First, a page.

4. Frank riley says

    Here’s a very inexpensive way to invest in high quality cast iron pots and pans. Purchase at flea markets, yard sales, etc… Take them to a metal fab shop and have all the old gook sandblasted off them. Take home and season as if they were new– because they almost are.

  5. Rebecca says

    Oh, I have to say one more thing. My step mom, aged 63, was diagnosed almost a year ago with fronto temporal dementia. She was born and raised in a very small, poor town on the border (she is Mexican, and boy did I have some delicious food growing up!) They were very poor and cooked a lot with aluminum. I now will always wonder if this exposure to aluminum at a young age made her more susceptible to her brain atrophy and shrinkage. She was really into natural health and alternative medicine, and making things from scratch, what a blessing for me, as my mom died when I was a baby, and she was my stepmom from the time I was 3 years old. So now I am really the only one in a family with 9 kids, that is into natural “stuff”. I have her to thank for that.

    We moved halfway across the country earlier this year so that we could be closer to my parents and help my dad out in taking care of her.

    It is no easy task, even when it is only a couple days a week that I help out. But I do know of the association between heavy metal poisoning (aluminum) and Alzheimers Disease. While my mom doesn’t have Alzheimer’s, I wonder if that had any influence on her disease. I just want to warn others when I see them using cheapo cookware… they do NOT want to go through what my family is going through.

    • Betsy Jabs says

      My heart goes out to your family as you deal with the deterioration of your step mom’s health. It’s so scary to think that trying to cook at home and keep a family healthy with nutritious food might have actually contributed. When we found out about the dangers of aluminum we went on a rampage ridding our house of it.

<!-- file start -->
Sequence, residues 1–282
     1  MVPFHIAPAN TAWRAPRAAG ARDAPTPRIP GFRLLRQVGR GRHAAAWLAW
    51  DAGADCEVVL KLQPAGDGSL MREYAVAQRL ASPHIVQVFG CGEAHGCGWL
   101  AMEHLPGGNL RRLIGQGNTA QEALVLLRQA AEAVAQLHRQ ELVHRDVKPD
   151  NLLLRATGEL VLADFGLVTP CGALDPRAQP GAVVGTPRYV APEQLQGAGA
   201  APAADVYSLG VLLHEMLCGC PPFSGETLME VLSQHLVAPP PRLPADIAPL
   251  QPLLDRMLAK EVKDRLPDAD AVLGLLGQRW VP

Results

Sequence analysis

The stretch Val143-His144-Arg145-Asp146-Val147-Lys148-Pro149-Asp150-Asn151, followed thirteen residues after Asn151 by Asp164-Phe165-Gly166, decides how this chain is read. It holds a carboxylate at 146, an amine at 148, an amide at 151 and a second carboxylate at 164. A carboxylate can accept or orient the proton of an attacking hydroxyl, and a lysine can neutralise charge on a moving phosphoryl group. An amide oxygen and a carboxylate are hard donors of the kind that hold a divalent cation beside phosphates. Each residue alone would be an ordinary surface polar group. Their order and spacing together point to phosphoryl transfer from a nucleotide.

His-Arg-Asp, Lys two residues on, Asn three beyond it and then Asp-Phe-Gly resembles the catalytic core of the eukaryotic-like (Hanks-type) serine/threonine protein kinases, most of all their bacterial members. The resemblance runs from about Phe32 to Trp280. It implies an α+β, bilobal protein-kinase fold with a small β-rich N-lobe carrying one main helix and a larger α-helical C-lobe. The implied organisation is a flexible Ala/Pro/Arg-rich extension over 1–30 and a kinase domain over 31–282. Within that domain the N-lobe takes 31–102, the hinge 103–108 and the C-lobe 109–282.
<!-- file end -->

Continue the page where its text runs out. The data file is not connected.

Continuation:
6. Rebecca says

    What about those people (mostly men) who are looking to avoid TOO MUCH iron? My dad is one of them. Some people say to just donate blood regularly but he is unable to donate blood because of a hepatitis outbreak (foodborne illness that happened when he was in Jr. high back in the late 50s).

    We have stainless steel and cast iron, but I do cook for my parents a lot.

    • Renee says

      Maybe just focus on enameled cast iron? Not quite the same, but an option.

      I don’t know statistics or anything, but it seems like it would also depend on what food you are cooking as to how much actually gets into what you eat. I know acidic stuff is going to have a higher concentration. Not sure on other things like bacon, eggs, etc.

    • Betsy Jabs says

      I was thinking enameled cast iron would be better also. Renee is right about the TYPES of food cooked on cast iron. Acidic foods with a higher moisture content will absorb more of the iron. A longer cooking time and frequent stirring will also increase the iron in your food…since it’s getting more exposure to the pan. Something like an egg that’s cooked for a short amount of time and only flipped once will absorb very little of the iron.

      Another thought…does he take any vitamin or mineral supplements? These are a common source of iron, and may actually deliver more iron than food. However, iron may be called things like ferrous sulfate and ferrous gluconate on the supplement labels. Something to watch for if he does take supplements.

  7. Cindy P. says

    I’m really enjoying that so many are returning to good “ole” fashioned cast iron. I am 54 and I grew up with my mom using it and her mother before her. My husband, children and I lived in Central America for many years as missionaries. We learned from Peace Corps workers and a medical guide that one way to get the “pobres” (poor people) to get more iron in their diet was to boil their beans with an old horse shoe!!. It really works! So cooking with cast iron will be putting back into your diet what your body really needs so don’t “sweat” a little rust!.